Could Baseball's Slow Pace Spark Increased In-Game Betting?

    • MLB Commissioner Rob Manfred sees in-game prop betting as a growth area.
    • But Darren Rovell thinks the promise of in-game betting is overblown.

Baseball’s slow pace of play has become a problem for the Grand Old Game.

But MLB commissioner Rob Manfrend thinks the leisurely pace could generate an in-game betting boom. 

MLB games averaged a record 3 hours, 10 minutes, 7 seconds last season. 

On the other hand, all the pitching changes provide downtime to bet. That could boost fan engagement, according to Manfred.

“I do think in-game betting is going to be a significant component. I think if you talk to people who are experts in the field, they don’t see outcome betting as a major growth area,” said Manfred on ESPN’s SportsCenter. “It is in fact in-game betting, so-called prop betting, that is going to be the growth area. And most of that betting is going to take place on mobile devices.”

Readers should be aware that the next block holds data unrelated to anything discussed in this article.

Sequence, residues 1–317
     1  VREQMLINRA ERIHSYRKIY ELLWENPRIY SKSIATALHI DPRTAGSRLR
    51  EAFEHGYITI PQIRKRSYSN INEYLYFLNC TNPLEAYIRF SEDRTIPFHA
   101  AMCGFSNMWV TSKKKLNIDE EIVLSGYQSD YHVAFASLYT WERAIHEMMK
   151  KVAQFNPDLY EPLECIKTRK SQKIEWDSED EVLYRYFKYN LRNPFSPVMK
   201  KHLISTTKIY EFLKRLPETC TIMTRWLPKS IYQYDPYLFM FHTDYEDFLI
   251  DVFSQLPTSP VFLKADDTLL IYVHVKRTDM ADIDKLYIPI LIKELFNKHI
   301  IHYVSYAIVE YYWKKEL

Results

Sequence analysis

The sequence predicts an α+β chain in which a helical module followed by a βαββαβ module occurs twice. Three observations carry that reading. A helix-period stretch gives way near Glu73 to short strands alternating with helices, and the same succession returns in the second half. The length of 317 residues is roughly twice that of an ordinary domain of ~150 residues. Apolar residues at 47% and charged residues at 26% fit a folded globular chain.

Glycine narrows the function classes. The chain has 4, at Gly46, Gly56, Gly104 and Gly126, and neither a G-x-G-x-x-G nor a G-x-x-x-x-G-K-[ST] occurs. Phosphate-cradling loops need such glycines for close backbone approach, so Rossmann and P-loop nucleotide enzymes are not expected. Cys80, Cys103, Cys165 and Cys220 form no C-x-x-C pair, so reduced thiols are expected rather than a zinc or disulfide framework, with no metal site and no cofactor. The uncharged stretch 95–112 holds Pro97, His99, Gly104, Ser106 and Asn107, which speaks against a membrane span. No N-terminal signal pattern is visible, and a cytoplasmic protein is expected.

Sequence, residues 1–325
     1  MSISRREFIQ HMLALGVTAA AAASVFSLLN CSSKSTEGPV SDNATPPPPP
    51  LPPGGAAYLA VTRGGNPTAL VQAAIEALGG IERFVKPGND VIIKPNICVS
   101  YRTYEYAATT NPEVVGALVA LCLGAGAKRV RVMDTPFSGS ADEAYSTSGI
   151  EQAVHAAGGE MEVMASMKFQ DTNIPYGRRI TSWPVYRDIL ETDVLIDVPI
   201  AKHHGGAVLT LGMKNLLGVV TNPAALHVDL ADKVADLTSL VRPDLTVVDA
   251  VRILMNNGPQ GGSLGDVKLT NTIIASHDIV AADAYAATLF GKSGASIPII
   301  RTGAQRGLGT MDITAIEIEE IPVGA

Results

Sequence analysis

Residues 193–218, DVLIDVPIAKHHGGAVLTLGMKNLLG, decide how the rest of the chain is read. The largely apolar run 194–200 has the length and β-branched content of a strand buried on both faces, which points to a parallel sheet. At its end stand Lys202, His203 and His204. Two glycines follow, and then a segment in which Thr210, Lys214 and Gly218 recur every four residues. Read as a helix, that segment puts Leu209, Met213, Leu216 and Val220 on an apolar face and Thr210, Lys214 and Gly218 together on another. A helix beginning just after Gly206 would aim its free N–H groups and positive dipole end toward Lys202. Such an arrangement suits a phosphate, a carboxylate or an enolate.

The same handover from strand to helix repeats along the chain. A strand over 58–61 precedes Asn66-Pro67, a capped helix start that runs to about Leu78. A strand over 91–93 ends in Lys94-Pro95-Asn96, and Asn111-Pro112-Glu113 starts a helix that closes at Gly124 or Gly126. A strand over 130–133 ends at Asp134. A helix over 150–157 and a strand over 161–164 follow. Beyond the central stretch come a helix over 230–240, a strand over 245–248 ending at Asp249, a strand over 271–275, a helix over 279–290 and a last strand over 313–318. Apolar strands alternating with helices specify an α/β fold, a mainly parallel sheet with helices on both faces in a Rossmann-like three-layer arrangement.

Not so fast, warns Darren Rovell of Action Network. 

With roughly 12 minutes of action over 3 hour-plus games, the NFL’s better suited to in-game betting than baseball.

“There are major shifts in odds on singular plays – and a chance for both the book and the bettor to get in,” Rovell said.

With baseball, he doesn’t see gamblers “micro-betting” pitch-by-pitch. But they could gamble on which team will win the game, total runs scored, or the score after the 5th inning.  

“I actually think we may be overplaying ‘[slow] speed is going to help baseball.’ It’s better than soccer. But I’m not sure it’s really that accretive,” said Rovell.